From Madrid - The train into Madrid from Spain's south coast might as well be English, but for the rolling vistas of olive trees out of the window.

Two women with strong north London accents talk excitedly over each other as they share war stories of the season's away days in Ajax, Dortmund and the rest. They needle a couple of Liverpool fans in the seats behind about Mohamed Salah's 'diving' and the fact that many of the Reds fans en route are not from anywhere near Merseyside. It's all good-natured though, and the conversation inevitably turns to the topic of who has tickets and who doesn't.


There are many more trains like this one and even more flights from the UK and beyond. The number of fans expected in Madrid by Saturday night is estimated to be close to 100,000, with the impact of the added tourism ​tipped to boost the local economy by as much as €66mBy contrast, the final of last year's Copa Libertadores between River Plate and Boca Juniors raised €47m in the city.

Of those 100,000-odd fans, only around a third actually have tickets. The rest have come just to be here. The first all-English final in over a decade, in one of Europe's most accessible and appealing cities, supporters have flocked in ridiculous numbers, desperate to be as close as possible to the action, just to feel a part of it.

Puerta del Sol is claustrophobic with drinkers and singers, as the midday sun quickly turns exposed flesh pink. The queue to take a selfie alongside the ​Champions League trophy snakes around the square, stretching seemingly miles past a sign that reads '20 minutes from here'. Branded helpers pass down the line spraying sun cream on those waiting.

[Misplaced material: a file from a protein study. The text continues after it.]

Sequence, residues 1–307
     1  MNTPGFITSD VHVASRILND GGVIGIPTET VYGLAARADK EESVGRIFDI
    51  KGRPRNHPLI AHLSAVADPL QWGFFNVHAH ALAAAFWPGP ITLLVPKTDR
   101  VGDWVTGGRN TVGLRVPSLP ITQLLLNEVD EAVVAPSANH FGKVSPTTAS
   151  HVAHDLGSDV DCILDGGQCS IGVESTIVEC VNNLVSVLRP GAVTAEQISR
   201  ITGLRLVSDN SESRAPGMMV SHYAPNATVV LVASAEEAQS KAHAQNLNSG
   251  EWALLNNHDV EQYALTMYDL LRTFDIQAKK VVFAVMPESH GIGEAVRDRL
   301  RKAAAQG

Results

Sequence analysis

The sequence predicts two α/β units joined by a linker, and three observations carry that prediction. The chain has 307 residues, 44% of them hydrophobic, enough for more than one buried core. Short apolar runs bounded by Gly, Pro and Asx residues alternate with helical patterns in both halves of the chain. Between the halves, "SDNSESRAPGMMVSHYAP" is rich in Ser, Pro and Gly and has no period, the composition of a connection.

Anything from €5,000-12,000 is the going rate. It's the price of a house deposit in some parts of the country.

A South African ​Spurs fan named Reven tells me that he flew 17 hours, via Addis Ababa, just to be here. 

Far from the only one making the journey, his flight was packed with ​Liverpool fans, he says. He doesn't have a ticket and isn't expecting to get one. It's all about just being here.

A newly made friend of his, Stewart from Melbourne, who fell in love with the Reds during his time living in Europe, got his ticket two weeks ago and insists he wouldn't have travelled halfway around the globe without one. He spent close to 24 hours getting to Madrid. When I ask how much he paid for his ticket, he pauses and says "a lot, but not as much as they are asking here."

The touts' prices here on the streets of Madrid have burst many bubbles of ticketless fans who dared dream of chancing their luck and picking up a spare.